OSHA requirements are set by statute, standards and regulations. Our interpretation letters explain these requirements and how they apply to particular circumstances, but they cannot create additional employer obligations. This letter constitutes OSHA's interpretation of the requirements discussed. Note that our enforcement guidance may be affected by changes to OSHA rules. Also, from time to time we update our guidance in response to new information. To keep apprised of such developments, you can consult OSHA's website at http://www.osha.gov.

 

OSHA requirements are set by statute, standards and regulations. Our interpretation letters explain these requirements and how they apply to particular circumstances, but they cannot create additional employer obligations. This letter constitutes OSHA's interpretation of the requirements discussed. Note that our enforcement guidance may be affected by changes to OSHA rules. Also, from time to time we update our guidance in response to new information. To keep apprised of such developments, you can consult OSHA's website at http://www.osha.gov.

 


April 20, 1986

 

 

 

MEMORANDUM FOR: GILBERT J. SAULTER
Regional Administrator
 
FROM: JOHN B. MILES, JR. DIRECTOR
Directorate of Field Operations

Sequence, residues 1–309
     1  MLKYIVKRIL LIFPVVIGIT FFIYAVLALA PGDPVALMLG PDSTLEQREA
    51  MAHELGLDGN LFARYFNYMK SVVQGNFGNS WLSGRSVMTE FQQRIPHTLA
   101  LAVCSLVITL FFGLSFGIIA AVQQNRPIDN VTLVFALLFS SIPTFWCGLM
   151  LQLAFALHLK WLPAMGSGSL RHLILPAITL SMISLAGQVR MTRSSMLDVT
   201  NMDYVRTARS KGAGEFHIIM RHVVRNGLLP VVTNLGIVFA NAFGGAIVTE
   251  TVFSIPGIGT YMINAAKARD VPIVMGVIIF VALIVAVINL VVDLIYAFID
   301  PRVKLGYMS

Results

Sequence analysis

SUBJECT: Power Press Brakes


This is in response to your memorandum of March 25, 1986, and relates to the memorandum of J. T. Knorpp of March 4, 1986, to Herbert M. Kurtz.

The OSHA standard related to mechanical power press brakes is 29 CFR 1910.212. Point of operation safeguarding is regulated under 29 CFR 1910.212(a)(3)(ii) and shall be in conformity with any appropriate standards. For enforcement purposes, OSHA field staff have consistently been directed to refer to the applicable industry consensus standards, published by the American National Standards Institute, Inc., (ANSI). ANSI B11.3-1982, Safety Requirements for Power Press Brakes, is the applicable standard under 29 CFR 1910.212(a)(3)(ii), since it expressed the accepted industry practices. (Also see the May 26, 1981 letter to C. A. Carlsson from Bruce Hillenbrand, which is a part of the incoming correspondence.)

ANSI B11.3-1982 describes specifications with alternatives for the proper safeguarding of power press breaks. The standard describes three (3) distinctly different types of press breaks. They are known as: 1) General-Purpose Power Press Brakes; 2) Special-Purpose Power Press Brakes; and 3) Combination Power Press Brake-Shear-Type Machines. These machines are described by Section 2.2, 2.3 and 2.4, respectively, in B11.3-1982.

Further discussion of press brakes for this memorandum is limited to general-purpose and special-purpose machines. The principle difference between these machines is the manner of control system for their operation. General-purpose machines are provided with only a single operator control station, while special-purpose machines may be equipped with multiple operator/helper control stations.

Usually, general-purpose brakes may be recognized by the control system which is mechanically linked to the clutch/brake mechanisms or the hydraulic control valving. Electric or pneumatic components are rarely a part of the control system and the controls can be disengaged only by mechanical means such as control locks, or removal of the control pedal. (See ANSI B11.3-1982, section 4.2.4.1.4.)